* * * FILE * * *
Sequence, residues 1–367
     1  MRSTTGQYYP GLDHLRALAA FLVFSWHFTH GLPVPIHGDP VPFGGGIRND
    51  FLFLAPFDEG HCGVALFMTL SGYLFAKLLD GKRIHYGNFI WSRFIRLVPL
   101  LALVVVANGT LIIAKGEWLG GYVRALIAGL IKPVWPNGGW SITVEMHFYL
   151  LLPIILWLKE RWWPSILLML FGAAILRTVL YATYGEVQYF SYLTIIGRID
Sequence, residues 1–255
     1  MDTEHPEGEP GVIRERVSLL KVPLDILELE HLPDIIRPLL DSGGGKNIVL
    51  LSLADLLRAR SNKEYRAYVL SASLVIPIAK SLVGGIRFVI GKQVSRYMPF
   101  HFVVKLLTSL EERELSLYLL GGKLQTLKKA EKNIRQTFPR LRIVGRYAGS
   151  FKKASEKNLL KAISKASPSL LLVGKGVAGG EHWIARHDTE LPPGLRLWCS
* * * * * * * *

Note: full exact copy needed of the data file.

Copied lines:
Sequence, residues 1–367
     1  MRSTTGQYYP GLDHLRALAA FLVFSWHFTH GLPVPIHGDP VPFGGGIRND
    51  FLFLAPFDEG HCGVALFMTL SGYLFAKLLD GKRIHYGNFI WSRFIRLVPL
   101  LALVVVANGT LIIAKGEWLG GYVRALIAGL IKPVWPNGGW SITVEMHFYL
   151  LLPIILWLKE RWWPSILLML FGAAILRTVL YATYGEVQYF SYLTIIGRID
Sequence, residues 1–255
     1  MDTEHPEGEP GVIRERVSLL KVPLDILELE HLPDIIRPLL DSGGGKNIVL
    51  LSLADLLRAR SNKEYRAYVL SASLVIPIAK SLVGGIRFVI GKQVSRYMPF
   101  HFVVKLLTSL EERELSLYLL GGKLQTLKKA EKNIRQTFPR LRIVGRYAGS
   151  FKKASEKNLL KAISKASPSL LLVGKGVAGG EHWIARHDTE LPPGLRLWCS